WASHINGTON ― A petition on the White House website asking President Donald Trump to release information about his tax returns has now received more signatures than any other petition in the system’s five-year history.
The petition demands that the federal government explain what it is doing to “immediately release Donald Trump’s full tax returns, with all information needed to verify emoluments clause compliance.” It garnered over 100,000 signatures within 24 hours of the president’s inauguration and has become the subject of a New York Times editorial.
“The unprecedented economic conflicts of this administration need to be visible to the American people, including any pertinent documentation which can reveal the foreign influences and financial interests which may put Donald Trump in conflict with the emoluments clause of the Constitution,” states a brief description of the petition.
As of Thursday afternoon, the petition had over 368,000 signatures, surpassing the previous record of 367,180. The previous record-holder called for the United States government to “legally recognize the Westboro Baptist Church as a hate group.”
Trump has kept in place former President Barack Obama’s online petition system, which was created in 2011 to increase accessibility to government. The site also still states that a petition with at least 100,000 signatures will get an official response.
A spokesman for the White House did not immediately respond to a request for comment on the petition.
Trump has broken with four decades of precedent by refusing to release his personal tax returns. Although not required by law, past presidential nominees have followed the practice to allay concerns about using the presidency for personal financial gain.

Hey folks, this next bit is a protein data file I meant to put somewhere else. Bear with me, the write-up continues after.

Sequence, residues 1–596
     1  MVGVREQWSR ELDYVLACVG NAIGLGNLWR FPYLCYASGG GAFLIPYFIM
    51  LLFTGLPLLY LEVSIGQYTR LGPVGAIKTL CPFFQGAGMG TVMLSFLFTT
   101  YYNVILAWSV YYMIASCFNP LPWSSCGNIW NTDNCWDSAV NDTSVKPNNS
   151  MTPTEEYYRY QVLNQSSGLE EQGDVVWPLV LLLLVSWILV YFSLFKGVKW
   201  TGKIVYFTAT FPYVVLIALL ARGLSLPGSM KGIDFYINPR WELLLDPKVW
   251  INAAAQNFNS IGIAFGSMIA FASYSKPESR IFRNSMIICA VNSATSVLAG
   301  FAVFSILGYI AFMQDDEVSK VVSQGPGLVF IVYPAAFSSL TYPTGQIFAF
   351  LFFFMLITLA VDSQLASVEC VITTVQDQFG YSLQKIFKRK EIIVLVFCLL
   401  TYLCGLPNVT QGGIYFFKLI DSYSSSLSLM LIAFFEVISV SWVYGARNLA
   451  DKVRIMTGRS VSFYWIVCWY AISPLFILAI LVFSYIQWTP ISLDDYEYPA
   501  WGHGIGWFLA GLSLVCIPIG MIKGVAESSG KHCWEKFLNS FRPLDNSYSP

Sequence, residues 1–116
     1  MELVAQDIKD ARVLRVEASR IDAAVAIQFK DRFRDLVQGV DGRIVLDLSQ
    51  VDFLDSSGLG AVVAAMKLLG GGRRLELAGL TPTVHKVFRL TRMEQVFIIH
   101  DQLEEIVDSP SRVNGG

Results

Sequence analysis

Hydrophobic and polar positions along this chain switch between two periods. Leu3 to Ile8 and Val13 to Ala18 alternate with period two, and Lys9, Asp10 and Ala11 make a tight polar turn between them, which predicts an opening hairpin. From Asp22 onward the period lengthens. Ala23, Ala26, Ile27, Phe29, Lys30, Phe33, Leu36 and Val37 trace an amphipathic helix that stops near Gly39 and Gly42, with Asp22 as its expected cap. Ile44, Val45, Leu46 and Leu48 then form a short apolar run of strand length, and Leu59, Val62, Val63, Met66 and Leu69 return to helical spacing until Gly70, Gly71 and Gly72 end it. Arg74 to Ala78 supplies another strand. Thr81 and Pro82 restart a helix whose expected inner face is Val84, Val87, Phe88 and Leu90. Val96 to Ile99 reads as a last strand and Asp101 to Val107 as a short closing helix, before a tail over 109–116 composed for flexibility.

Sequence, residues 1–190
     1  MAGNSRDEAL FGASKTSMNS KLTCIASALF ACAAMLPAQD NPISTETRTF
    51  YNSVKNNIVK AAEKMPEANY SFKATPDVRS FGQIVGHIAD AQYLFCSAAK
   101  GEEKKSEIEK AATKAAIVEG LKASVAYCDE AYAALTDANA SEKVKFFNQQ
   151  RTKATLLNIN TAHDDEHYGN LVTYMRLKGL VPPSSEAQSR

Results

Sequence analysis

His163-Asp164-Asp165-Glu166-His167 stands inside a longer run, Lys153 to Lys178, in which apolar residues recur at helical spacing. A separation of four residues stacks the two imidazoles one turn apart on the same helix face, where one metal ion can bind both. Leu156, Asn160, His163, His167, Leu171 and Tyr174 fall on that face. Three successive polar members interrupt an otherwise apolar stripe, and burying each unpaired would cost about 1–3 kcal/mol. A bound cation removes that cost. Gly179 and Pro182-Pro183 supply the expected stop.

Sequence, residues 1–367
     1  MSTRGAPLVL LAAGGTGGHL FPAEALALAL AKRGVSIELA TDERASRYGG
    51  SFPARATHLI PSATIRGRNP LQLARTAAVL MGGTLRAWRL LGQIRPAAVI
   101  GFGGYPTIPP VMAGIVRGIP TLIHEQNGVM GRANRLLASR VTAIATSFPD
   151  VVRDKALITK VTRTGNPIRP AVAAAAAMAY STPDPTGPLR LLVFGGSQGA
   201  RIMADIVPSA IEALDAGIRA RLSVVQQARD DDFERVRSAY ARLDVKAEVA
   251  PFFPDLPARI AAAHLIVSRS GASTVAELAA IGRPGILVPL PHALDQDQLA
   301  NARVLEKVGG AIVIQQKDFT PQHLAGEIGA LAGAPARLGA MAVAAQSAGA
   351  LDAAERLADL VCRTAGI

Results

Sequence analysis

White House adviser Kellyanne Conway reaffirmed on Sunday that Trump doesn’t plan to release his returns.
“We litigated this all through the election,” Conway said on ABC. “People didn’t care.”
BEFORE YOU GO
How to vote
Vote-by-mail ballot request deadline: Varies by state
For the Nov 3 election: States are making it easier for citizens to vote absentee by mail this year due to the coronavirus. Each state has its own rules for mail-in absentee voting. Visit your state election office website to find out if you can vote by mail.Get more informationTrack ballot status
In-person early voting dates: Varies by state
Sometimes circumstances make it hard or impossible for you to vote on Election Day. But your state may let you vote during a designated early voting period. You don't need an excuse to vote early. Visit your state election office website to find out whether they offer early voting.My Election Office
General Election: Nov 3, 2020
Polling hours on Election Day: Varies by state/localityMy Polling Place